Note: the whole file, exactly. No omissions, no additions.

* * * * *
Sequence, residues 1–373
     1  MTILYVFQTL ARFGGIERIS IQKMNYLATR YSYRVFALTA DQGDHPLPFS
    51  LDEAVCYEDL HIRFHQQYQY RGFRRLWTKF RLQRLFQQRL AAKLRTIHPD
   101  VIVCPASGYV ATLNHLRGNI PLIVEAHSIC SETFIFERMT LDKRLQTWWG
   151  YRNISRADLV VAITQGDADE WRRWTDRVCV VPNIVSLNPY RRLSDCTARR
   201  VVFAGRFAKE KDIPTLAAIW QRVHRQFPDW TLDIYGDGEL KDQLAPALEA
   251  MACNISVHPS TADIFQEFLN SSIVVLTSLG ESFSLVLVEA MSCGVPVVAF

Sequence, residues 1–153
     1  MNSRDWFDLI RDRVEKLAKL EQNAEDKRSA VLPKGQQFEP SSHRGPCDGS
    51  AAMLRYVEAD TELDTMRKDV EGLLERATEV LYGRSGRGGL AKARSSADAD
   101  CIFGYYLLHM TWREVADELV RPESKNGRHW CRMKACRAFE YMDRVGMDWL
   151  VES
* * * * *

Sequence, residues 1–373
     1  MTILYVFQTL ARFGGIERIS IQKMNYLATR YSYRVFALTA DQGDHPLPFS
    51  LDEAVCYEDL HIRFHQQYQY RGFRRLWTKF RLQRLFQQRL AAKLRTIHPD
   101  VIVCPASGYV ATLNHLRGNI PLIVEAHSIC SETFIFERMT LDKRLQTWWG
   151  YRNISRADLV VAITQGDADE WRRWTDRVCV VPNIVSLNPY RRLSDCTARR
   201  VVFAGRFAKE KDIPTLAAIW QRVHRQFPDW TLDIYGDGEL KDQLAPALEA
   251  MACNISVHPS TADIFQEFLN SSIVVLTSLG ESFSLVLVEA MSCGVPVVAF

Sequence, residues 1–153
     1  MNSRDWFDLI RDRVEKLAKL EQNAEDKRSA VLPKGQQFEP SSHRGPCDGS
    51  AAMLRYVEAD TELDTMRKDV EGLLERATEV LYGRSGRGGL AKARSSADAD
   101  CIFGYYLLHM TWREVADELV RPESKNGRHW CRMKACRAFE YMDRVGMDWL
   151  VES